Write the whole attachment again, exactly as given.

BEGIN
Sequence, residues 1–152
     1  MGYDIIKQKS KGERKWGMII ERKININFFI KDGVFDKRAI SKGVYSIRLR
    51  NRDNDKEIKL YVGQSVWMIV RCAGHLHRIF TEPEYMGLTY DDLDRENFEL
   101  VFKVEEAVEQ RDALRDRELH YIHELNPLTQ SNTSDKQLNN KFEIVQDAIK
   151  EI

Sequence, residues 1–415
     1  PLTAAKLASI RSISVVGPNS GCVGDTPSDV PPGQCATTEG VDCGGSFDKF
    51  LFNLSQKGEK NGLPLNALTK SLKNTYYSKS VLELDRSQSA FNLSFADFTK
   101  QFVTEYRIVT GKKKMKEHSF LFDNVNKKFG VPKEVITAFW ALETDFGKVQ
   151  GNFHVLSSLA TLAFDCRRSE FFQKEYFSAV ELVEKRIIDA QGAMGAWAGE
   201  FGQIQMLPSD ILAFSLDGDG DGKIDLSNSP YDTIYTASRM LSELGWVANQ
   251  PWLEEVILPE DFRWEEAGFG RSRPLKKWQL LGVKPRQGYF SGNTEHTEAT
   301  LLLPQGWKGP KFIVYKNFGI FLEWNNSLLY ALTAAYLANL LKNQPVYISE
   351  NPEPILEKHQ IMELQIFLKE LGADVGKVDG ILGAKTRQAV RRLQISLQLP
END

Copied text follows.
Sequence, residues 1–152
     1  MGYDIIKQKS KGERKWGMII ERKININFFI KDGVFDKRAI SKGVYSIRLR
    51  NRDNDKEIKL YVGQSVWMIV RCAGHLHRIF TEPEYMGLTY DDLDRENFEL
   101  VFKVEEAVEQ RDALRDRELH YIHELNPLTQ SNTSDKQLNN KFEIVQDAIK
   151  EI

Sequence, residues 1–415
     1  PLTAAKLASI RSISVVGPNS GCVGDTPSDV PPGQCATTEG VDCGGSFDKF
    51  LFNLSQKGEK NGLPLNALTK SLKNTYYSKS VLELDRSQSA FNLSFADFTK
   101  QFVTEYRIVT GKKKMKEHSF LFDNVNKKFG VPKEVITAFW ALETDFGKVQ
   151  GNFHVLSSLA TLAFDCRRSE FFQKEYFSAV ELVEKRIIDA QGAMGAWAGE
   201  FGQIQMLPSD ILAFSLDGDG DGKIDLSNSP YDTIYTASRM LSELGWVANQ
   251  PWLEEVILPE DFRWEEAGFG RSRPLKKWQL LGVKPRQGYF SGNTEHTEAT
   301  LLLPQGWKGP KFIVYKNFGI FLEWNNSLLY ALTAAYLANL LKNQPVYISE
   351  NPEPILEKHQ IMELQIFLKE LGADVGKVDG ILGAKTRQAV RRLQISLQLP